Throughout the history of computers, one aspect that has restricted its growth is permanent storage. From floppy disks to refrigerator-sized hard drives, many attempts have been made to find the best possible way to store information for future generations.
Researchers from the University of Michigan and New York University have discovered a new method of storing data in microscopic particles suspended in a solution.
Just one tablespoon of liquid could replace your bulky external hard drive someday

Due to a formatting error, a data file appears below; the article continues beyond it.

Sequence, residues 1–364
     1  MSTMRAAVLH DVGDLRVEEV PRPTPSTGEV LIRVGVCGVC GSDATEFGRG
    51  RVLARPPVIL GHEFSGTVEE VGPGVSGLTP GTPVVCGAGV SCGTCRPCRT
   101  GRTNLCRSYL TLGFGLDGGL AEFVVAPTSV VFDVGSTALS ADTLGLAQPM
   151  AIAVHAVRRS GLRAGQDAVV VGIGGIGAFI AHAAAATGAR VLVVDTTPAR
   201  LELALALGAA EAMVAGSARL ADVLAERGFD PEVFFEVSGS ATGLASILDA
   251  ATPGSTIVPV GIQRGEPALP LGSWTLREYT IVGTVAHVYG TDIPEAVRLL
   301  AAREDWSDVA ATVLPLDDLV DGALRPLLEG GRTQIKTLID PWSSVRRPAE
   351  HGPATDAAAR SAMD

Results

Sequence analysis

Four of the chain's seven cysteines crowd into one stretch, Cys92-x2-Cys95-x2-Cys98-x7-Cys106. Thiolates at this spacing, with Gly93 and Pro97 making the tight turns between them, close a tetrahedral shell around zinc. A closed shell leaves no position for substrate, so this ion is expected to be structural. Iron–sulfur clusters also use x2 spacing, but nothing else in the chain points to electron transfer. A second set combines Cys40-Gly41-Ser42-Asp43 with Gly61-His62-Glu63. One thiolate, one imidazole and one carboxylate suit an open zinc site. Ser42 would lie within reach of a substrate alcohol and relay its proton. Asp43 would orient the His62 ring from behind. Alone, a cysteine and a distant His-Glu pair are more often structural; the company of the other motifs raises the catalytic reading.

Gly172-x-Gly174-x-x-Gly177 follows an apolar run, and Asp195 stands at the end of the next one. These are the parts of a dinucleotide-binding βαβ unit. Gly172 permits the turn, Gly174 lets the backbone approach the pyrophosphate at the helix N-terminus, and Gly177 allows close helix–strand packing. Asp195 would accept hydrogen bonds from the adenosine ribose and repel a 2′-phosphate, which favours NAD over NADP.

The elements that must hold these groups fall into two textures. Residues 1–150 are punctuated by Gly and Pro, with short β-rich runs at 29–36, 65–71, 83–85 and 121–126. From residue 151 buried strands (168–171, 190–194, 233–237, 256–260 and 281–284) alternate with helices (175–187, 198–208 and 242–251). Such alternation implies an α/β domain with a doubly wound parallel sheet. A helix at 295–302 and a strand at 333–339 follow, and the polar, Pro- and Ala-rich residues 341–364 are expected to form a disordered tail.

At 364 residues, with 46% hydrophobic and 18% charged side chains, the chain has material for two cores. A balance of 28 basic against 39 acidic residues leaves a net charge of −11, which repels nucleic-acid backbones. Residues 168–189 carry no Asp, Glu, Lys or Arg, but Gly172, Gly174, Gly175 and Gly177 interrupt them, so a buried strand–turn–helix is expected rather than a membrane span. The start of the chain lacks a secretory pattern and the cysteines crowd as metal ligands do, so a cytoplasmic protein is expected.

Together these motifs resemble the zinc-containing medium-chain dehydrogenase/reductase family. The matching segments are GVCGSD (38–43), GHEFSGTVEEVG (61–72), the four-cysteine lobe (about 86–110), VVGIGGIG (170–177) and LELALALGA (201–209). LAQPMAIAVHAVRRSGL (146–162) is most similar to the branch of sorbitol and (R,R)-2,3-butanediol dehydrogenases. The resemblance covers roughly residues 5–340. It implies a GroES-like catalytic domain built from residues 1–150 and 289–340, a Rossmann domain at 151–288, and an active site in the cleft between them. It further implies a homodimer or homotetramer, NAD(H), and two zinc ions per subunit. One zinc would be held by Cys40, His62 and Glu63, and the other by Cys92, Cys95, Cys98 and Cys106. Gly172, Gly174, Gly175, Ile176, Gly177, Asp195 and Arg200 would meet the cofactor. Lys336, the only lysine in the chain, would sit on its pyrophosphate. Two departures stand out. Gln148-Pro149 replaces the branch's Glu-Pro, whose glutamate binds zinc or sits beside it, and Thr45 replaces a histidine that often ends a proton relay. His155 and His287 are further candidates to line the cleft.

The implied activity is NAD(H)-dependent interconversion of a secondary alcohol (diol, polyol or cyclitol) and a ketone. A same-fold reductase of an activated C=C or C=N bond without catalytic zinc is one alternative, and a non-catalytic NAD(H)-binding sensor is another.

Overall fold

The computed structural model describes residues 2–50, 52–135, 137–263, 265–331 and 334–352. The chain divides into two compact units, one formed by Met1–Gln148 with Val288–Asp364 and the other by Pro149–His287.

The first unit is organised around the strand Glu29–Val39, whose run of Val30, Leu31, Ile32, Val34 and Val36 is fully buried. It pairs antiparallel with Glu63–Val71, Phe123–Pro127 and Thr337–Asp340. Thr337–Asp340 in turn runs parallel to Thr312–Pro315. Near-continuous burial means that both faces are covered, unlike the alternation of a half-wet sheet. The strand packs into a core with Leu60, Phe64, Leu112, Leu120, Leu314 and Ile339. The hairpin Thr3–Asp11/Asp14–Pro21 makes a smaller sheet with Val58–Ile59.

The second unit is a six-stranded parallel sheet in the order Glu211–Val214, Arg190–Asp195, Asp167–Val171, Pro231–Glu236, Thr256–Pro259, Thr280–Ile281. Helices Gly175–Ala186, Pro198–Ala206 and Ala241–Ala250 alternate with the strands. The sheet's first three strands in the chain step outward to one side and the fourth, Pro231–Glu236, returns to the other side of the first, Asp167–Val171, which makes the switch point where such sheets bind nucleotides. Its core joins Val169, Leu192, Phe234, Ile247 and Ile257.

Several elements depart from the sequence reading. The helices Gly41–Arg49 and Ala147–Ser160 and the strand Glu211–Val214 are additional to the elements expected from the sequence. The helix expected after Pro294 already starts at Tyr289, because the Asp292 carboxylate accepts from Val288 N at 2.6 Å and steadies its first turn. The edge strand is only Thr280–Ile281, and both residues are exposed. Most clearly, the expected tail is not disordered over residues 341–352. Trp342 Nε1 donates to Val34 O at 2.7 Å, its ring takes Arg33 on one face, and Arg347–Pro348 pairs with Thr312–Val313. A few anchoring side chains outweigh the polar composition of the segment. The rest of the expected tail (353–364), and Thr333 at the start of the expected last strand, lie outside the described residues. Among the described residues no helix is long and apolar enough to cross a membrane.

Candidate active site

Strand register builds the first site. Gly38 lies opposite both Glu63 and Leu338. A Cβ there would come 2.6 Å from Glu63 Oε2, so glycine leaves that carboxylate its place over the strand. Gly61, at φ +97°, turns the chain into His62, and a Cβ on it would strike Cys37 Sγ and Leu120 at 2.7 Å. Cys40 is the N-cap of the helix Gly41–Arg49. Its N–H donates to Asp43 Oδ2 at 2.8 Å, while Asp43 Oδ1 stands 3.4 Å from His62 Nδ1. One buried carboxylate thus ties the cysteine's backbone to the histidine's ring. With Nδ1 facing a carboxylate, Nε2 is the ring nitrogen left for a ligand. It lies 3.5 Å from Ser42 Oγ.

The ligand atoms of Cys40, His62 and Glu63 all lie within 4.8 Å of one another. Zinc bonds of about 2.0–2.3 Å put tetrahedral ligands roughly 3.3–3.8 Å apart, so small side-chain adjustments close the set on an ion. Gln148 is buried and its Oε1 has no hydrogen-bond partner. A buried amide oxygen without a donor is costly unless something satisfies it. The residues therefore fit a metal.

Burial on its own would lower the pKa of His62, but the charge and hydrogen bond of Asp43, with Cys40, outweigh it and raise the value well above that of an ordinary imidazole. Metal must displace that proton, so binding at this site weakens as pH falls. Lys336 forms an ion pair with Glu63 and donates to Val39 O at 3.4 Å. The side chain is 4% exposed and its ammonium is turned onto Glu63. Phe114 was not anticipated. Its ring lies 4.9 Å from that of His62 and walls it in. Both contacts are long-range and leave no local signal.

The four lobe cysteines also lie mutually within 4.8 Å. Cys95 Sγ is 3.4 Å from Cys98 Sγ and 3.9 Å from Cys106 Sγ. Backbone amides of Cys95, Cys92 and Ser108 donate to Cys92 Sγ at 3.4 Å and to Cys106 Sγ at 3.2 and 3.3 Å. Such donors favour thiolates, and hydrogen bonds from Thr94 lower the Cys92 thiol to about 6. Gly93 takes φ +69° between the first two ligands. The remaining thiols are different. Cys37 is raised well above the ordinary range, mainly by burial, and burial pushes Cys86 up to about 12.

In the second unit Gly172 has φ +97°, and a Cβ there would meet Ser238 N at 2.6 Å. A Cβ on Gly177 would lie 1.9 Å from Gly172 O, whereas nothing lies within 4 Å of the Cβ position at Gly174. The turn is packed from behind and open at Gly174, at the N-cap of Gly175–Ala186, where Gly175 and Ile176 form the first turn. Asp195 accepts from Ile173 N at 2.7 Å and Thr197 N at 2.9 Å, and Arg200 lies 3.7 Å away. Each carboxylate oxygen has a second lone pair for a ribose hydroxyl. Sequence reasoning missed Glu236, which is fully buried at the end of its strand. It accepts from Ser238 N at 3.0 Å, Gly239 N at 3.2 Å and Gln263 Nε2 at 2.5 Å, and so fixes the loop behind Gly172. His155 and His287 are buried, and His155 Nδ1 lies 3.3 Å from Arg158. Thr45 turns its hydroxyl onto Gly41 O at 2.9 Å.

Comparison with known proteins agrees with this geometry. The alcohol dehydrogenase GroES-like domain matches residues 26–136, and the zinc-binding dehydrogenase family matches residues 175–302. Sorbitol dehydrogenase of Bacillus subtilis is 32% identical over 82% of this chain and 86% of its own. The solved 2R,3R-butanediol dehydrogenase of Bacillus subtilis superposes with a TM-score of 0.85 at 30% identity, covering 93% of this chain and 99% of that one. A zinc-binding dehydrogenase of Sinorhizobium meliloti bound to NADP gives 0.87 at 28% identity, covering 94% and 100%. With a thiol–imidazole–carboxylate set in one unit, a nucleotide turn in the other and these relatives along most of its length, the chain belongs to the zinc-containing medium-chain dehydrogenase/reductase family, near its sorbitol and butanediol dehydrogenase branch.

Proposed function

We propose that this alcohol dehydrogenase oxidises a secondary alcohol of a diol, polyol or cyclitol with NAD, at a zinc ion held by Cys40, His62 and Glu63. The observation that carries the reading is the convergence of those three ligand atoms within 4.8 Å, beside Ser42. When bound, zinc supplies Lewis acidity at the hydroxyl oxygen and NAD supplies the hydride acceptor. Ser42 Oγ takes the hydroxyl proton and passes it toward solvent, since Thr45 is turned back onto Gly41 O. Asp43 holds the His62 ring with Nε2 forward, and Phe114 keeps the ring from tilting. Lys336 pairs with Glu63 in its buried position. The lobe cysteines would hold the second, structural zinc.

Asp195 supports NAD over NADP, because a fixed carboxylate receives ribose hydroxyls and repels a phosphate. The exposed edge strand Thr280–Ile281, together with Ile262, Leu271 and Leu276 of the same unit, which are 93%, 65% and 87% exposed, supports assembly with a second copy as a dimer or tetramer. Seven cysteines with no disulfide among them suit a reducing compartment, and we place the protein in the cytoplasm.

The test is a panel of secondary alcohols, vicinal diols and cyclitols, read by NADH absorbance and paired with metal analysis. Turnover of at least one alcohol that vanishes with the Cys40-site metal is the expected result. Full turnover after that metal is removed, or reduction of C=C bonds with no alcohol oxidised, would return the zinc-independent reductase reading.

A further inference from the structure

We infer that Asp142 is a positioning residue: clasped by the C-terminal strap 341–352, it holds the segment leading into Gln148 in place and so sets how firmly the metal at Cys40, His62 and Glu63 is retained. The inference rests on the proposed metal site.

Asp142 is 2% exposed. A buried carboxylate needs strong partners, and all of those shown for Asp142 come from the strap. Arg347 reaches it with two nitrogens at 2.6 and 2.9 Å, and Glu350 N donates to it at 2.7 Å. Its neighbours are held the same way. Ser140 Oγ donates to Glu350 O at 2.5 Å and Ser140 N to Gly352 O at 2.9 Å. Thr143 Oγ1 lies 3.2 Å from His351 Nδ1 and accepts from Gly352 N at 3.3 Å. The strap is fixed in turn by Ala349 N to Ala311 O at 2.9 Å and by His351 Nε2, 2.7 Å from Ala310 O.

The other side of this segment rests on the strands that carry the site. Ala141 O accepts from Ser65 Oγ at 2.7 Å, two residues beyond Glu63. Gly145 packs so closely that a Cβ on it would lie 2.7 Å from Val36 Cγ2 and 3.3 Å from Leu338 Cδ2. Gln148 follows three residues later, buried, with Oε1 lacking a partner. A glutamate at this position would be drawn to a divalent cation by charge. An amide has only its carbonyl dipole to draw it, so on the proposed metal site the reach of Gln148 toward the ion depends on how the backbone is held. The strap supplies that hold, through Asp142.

According to this new wet information storage technique, nanoparticles suspended in liquid could be used to encode the same 1s and 0s stored on conventional hard drives. The simulations have shown that a 3% concentration of 12-nanoparticle clusters can store up to 1TB of data.
The researchers used an analogy of a Rubik’s cube to illustrate how the storage works
Like different colors of the cube, nanoparticles are attached to a central sphere that could be twisted and turned in almost eight million unique states, which is the equivalent to 2.86 bytes of data.